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Plain speaking

By Lisa Fabrizio
web posted April 9, 2012

I was speaking the other day to my friend Charles who's a very intelligent man; in fact, a brilliant polyglot, who opined that the U.S. Constitution, like the Declaration of Independence, is written in language that is far too difficult for the average person to understand. Now, this man can best me in many, many languages, especially New Testament Greek, but I told him in plain English that this is simply not so.

While it's true that the Declaration was crafted in language designed to compete with and impress the Crowned Heads of Europe and was thus replete with flowery verbiage -- my favorite is "consanguinity" -- the Constitution was written to and for the American people in a manner they could easily understand. Indeed, its supporters and detractors waged the war over its ratification in the nation's newspapers, which were eagerly consumed by a rapt citizenry.

Unfortunately down through the decades, our betters in Academia -- who believe that it is outdated and irrelevant anyway -- have convinced the rest of America that the Constitution, which consists of six typewritten pages, is far too complex for them to even attempt to digest; a ploy that has succeeded beyond even their wildest dreams. Consider this from an anonymous cyberspace leftist: "Troglodytes think we can run the country on nothing but the Constitution. Idiots. The owner's manual for my coffee maker is longer than the Constitution." And regrettably, so is the attention span of most young Americans.

But again, it's not entirely their fault. I have a niece who took a course on the Constitution in college; the only problem was that reading the document itself was not required; it was for extra credit only. Such is the state of citizenship in our nation that most folks feel they have done their civic duty by letting late-night comics advise them on their voting choices. So no, it is no surprise that too many of our countrymen do not understand the Supreme Law of our Land, but that's no excuse for those who should and who have indeed sworn an oath to do.

One of the ways that lawyers and college professors have convinced the nation that the Constitution is way over their heads and way out of touch, is to claim that, as originally written, it is far too fragile to encompass the ways and means of modern DC mudslinging; as if politics weren't written into the document itself. The Founders did not live in some ivory tower where the stench of politics never befouled the sacred air. On the contrary, the system of checks and balances was established to create an electoral friction with this very thing in mind. They knew that their plan for a representative republic was not in itself a guarantee against governmental tyranny. Here's James Madison in Federalist 58:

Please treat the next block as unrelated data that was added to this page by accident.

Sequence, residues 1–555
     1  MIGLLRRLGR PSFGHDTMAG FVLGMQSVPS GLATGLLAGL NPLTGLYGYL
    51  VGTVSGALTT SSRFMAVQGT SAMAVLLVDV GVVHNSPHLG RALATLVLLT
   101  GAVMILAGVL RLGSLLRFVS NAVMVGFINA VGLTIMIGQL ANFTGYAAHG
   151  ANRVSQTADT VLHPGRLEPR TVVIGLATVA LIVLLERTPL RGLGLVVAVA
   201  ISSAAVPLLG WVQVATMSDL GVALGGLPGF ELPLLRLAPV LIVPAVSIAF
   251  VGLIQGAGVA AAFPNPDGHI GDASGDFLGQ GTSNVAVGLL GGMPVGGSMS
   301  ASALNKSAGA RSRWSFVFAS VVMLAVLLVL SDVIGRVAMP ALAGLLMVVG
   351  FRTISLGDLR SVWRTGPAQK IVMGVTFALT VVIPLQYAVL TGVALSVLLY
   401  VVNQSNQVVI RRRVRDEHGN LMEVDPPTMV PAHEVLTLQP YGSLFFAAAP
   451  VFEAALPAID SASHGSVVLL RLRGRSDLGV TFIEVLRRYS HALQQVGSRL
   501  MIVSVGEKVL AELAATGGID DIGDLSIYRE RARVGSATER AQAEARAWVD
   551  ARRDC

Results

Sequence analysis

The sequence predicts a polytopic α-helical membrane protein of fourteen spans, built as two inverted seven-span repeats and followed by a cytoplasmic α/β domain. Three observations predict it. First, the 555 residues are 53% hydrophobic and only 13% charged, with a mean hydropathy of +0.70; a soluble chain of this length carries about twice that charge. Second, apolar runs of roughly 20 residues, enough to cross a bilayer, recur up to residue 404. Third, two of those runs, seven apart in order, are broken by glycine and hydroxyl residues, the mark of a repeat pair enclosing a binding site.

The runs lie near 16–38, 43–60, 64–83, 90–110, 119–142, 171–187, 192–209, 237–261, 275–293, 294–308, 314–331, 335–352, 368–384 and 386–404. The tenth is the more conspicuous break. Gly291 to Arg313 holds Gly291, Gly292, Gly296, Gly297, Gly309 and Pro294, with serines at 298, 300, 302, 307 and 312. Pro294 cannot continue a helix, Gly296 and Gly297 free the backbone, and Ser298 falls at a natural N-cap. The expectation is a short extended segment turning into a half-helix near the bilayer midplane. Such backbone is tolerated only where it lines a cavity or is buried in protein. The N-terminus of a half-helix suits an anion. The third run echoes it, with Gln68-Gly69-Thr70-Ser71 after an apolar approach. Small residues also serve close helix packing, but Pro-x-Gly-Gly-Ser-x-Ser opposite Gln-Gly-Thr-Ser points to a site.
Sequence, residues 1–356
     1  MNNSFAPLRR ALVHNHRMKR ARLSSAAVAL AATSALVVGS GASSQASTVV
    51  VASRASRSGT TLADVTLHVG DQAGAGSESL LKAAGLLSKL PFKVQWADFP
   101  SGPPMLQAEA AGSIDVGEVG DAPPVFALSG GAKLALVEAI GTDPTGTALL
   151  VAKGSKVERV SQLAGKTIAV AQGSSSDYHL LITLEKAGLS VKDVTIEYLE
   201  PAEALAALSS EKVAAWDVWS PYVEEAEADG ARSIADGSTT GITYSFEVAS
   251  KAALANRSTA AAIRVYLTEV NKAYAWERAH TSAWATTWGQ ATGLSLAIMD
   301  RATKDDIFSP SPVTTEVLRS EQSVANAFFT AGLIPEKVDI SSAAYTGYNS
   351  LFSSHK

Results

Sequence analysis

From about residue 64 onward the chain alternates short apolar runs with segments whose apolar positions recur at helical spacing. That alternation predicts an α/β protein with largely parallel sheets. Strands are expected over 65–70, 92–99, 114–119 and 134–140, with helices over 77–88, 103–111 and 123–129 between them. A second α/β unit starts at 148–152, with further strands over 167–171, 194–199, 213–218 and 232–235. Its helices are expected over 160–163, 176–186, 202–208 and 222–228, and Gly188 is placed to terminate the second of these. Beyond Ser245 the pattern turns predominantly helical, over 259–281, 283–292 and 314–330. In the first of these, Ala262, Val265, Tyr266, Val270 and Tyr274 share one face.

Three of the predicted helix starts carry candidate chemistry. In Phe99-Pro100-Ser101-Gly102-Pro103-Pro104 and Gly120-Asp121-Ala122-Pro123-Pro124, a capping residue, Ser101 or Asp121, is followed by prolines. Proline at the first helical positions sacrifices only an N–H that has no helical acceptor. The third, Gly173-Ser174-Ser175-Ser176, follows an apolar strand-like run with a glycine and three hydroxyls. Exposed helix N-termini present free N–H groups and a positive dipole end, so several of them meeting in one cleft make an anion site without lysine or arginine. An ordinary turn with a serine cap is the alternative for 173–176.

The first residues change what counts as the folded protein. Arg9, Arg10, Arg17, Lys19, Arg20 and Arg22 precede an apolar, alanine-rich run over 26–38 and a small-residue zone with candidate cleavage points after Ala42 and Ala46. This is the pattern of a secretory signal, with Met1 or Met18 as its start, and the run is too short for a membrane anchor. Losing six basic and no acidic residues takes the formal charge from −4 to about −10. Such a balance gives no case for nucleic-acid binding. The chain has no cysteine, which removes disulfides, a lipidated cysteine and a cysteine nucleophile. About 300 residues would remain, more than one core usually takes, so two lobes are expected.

An elective despotism was not the government we fought for; but one in which the powers of government should be so divided and balanced among the several bodies of magistracy as that no one could transcend their legal limits without being effectually checked and restrained by the others. 

What this means is that the framers never intended the Supreme Court to be the final word in the day-to-day governance of America; that is the purview of the people through the two elected branches of government. But should the Executive and Legislative arms overreach the boundaries so carefully laid out for them by the Framers, it is precisely the job of the Court to chastise them for it. I will let Mr. Alexander Hamilton, from Federalist 78, explain:

No legislative act, therefore, contrary to the Constitution, can be valid. To deny this, would be to affirm that the deputy is greater than his principal; that the servant is above his master; that the representatives of the people are superior to the people themselves; that men acting by virtue of powers, may do not only what their powers do not authorize, but what they forbid.

Now, does it get any plainer than that? ESR

Lisa Fabrizio is a columnist who hails from Connecticut. You may write her at mailbox@lisafab.com.

 

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